On the other hand, if you opt for a collagen oil, these can be added to your beauty products such as creams, lotions, and moisturisers.
Collagen is a generally safe and nontoxic daily supplement, with most people not experiencing adverse side effects.
However, there are potential side effects (like with any supplement) and more so with gelatine supplements. Side effects such as a lingering unpleasant taste and sensations of heaviness and heartburn. Also, if you are allergic to the source of the supplement, you could have an allergic reaction. Also, some people have reported minor gastrointestinal discomfort, such as mild diarrhoea, a feeling of heaviness in the stomach or rashes while taking collagen.
Currently health authorities haven’t provided official guidelines for how much collagen is safe to take a day. The current advice amount how much collagen all depends on the form you are taking and the reasons why.
When buying supplements always check out the recommended dosage, which will be present somewhere on the packaging.
Most collagen powders will come with a handy little scoop so that you can make sure you are getting the right dose.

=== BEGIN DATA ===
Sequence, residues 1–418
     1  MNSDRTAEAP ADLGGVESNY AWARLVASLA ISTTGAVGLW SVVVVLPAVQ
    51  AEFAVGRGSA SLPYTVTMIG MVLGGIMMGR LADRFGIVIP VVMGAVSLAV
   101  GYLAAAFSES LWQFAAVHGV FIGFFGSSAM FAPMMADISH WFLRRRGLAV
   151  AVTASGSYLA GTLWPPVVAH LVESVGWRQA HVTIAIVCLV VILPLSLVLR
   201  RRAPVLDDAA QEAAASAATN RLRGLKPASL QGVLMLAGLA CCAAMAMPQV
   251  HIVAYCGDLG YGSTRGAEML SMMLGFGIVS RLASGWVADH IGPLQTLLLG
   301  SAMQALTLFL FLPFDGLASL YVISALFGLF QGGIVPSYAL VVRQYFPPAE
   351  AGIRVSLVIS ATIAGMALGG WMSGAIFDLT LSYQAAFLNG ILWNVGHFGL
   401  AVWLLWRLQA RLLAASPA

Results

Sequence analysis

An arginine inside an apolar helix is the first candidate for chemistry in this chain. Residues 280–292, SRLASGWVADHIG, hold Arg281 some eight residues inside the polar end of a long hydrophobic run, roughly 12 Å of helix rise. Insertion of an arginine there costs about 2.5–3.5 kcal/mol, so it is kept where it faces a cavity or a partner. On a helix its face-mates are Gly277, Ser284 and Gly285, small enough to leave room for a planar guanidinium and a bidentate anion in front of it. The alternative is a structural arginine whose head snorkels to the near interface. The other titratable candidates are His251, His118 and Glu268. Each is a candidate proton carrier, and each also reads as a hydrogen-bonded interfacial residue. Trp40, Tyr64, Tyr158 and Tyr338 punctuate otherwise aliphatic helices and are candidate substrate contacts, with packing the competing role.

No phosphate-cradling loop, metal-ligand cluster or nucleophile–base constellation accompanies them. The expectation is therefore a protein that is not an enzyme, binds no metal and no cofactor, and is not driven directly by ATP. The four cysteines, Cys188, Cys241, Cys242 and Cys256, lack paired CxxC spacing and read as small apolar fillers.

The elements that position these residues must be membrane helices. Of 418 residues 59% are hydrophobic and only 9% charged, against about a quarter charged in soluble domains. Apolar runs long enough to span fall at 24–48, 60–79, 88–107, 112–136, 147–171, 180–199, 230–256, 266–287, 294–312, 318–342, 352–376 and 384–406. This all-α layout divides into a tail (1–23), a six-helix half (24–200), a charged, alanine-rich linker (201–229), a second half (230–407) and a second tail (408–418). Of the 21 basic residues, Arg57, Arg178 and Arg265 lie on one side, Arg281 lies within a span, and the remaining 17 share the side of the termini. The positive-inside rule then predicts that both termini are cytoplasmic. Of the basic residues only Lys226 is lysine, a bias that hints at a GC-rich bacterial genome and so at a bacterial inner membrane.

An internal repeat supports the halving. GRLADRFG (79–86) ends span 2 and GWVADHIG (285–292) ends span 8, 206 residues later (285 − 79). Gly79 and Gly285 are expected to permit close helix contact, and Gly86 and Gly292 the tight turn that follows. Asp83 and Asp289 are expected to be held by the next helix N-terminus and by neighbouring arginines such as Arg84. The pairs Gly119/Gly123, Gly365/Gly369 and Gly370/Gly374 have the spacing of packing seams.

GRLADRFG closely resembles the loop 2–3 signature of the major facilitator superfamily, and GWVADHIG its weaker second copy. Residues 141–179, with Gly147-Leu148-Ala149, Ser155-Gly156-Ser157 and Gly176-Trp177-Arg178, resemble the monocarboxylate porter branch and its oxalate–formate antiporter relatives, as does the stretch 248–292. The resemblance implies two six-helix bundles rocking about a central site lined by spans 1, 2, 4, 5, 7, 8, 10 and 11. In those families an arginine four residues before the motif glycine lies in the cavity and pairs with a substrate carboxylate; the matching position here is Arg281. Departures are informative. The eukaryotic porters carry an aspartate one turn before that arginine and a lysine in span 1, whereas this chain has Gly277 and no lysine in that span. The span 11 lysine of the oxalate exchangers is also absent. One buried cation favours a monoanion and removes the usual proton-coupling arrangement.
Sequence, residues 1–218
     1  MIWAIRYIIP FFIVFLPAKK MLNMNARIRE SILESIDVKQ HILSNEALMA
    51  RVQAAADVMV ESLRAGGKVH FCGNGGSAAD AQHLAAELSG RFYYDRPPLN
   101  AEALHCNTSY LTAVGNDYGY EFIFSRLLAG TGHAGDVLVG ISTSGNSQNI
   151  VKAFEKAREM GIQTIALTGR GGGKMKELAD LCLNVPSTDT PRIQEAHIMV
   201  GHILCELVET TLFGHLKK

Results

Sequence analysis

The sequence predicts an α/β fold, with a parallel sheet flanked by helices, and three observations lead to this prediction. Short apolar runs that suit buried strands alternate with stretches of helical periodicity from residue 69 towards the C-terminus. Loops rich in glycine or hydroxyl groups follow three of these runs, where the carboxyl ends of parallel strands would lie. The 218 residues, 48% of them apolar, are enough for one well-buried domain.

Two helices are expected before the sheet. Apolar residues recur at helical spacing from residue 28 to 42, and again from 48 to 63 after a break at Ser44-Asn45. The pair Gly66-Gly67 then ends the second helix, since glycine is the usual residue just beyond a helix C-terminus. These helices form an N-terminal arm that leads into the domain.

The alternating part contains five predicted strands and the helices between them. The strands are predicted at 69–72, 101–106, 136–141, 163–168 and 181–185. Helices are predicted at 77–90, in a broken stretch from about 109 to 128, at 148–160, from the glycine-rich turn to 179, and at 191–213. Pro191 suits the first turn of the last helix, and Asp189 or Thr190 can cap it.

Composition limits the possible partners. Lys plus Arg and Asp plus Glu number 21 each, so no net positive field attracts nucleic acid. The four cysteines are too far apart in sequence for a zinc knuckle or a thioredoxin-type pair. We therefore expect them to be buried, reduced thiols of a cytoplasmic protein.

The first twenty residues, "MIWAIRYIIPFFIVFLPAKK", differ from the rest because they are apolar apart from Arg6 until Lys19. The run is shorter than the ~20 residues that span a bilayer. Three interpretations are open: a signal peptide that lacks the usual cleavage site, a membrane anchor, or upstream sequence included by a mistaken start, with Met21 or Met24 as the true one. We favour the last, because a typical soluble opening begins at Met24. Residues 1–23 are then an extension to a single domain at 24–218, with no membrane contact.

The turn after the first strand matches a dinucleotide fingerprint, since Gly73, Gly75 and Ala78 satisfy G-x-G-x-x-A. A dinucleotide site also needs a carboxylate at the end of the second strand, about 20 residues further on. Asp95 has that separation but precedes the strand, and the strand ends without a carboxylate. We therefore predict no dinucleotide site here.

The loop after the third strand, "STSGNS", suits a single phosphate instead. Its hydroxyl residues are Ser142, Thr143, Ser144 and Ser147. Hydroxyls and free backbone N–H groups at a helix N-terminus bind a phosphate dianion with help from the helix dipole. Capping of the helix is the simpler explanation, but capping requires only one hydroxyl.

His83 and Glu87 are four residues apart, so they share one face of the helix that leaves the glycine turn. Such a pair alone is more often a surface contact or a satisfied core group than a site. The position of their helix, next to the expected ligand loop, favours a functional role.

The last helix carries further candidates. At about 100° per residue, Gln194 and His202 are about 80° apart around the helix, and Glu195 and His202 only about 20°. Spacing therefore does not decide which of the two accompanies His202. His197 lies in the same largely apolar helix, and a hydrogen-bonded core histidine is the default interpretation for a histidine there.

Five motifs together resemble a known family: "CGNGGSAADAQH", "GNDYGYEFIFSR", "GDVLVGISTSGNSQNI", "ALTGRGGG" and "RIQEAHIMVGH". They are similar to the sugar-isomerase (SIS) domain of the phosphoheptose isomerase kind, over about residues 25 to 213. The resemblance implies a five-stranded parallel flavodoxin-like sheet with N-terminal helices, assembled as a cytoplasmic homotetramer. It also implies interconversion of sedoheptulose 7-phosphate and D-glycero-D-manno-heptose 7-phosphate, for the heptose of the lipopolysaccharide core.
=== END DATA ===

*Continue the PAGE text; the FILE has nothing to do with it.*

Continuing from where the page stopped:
Powders can be added to almost everything – the only limitation is your imagination. Experiment and add them to hot and cold beverages, smoothies, foods, snacks etc. To avoid lumps, make sure you’re stirring or shaking it long enough for the powder to dissolve.
Yes, there are many topical collagen supplements that come in many different forms such as creams, masks, oils, moisturisers and more.
When it comes to topical or drinking collagen and which is better, this depends on why you are taking collagen and your individual needs.
There are many topical collagen supplements which can be applied to your skin and face and can be easily become part of your daily skincare routine.
On the other hand, there are many collagen supplements that can be taken orally, and with unflavoured options that won’t affect the overall taste.
There are around 16 types of collagen, with the four main types being type I, II, III, and IV. Type I is found in all skin, bones, tendons, fibrous cartilage, connective tissue, and teeth. Type II in your joints, type III in your muscles, organs, and arteries. Type IV is also found in the layers of your skin.
Your body makes procollagen by combing two amino acids, glycine, and proline. All collagen starts off as procollagen. You may be able to help your body produce this protein by making sure you get the following nutrients: vitamin C, proline and glycine.